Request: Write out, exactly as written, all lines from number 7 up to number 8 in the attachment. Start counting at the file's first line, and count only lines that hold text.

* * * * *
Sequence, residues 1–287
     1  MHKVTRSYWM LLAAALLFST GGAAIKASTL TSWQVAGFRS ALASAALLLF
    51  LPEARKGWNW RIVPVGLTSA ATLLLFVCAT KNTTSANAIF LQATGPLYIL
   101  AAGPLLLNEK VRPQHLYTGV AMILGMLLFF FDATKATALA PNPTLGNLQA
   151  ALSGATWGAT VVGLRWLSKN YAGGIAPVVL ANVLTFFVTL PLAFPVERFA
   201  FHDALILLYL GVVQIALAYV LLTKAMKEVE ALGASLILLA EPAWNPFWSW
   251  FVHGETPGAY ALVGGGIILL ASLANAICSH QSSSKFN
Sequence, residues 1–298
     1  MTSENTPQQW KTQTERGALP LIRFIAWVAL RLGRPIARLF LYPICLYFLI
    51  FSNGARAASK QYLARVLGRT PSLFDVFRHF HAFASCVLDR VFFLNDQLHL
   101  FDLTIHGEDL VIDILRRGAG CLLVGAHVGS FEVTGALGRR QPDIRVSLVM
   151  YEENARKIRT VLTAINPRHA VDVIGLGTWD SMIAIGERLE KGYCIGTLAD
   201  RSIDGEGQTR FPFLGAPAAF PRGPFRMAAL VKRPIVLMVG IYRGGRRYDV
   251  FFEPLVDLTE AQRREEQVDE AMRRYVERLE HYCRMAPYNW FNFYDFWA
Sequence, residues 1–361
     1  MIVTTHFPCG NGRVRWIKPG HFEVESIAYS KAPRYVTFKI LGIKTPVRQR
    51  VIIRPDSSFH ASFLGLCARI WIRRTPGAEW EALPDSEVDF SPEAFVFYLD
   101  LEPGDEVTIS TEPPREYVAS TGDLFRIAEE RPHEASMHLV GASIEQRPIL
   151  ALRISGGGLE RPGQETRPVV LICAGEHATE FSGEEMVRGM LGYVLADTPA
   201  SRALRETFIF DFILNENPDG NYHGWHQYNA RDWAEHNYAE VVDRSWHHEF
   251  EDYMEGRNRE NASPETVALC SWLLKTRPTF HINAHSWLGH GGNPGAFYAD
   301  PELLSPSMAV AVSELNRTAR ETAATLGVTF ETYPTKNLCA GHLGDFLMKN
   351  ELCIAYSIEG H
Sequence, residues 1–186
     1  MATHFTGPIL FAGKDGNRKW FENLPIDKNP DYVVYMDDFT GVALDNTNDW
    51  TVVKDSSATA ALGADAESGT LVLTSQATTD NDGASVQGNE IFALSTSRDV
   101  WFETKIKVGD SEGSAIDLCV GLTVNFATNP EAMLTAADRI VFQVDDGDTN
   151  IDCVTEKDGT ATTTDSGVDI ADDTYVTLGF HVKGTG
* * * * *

   251  FVHGETPGAY ALVGGGIILL ASLANAICSH QSSSKFN
Sequence, residues 1–298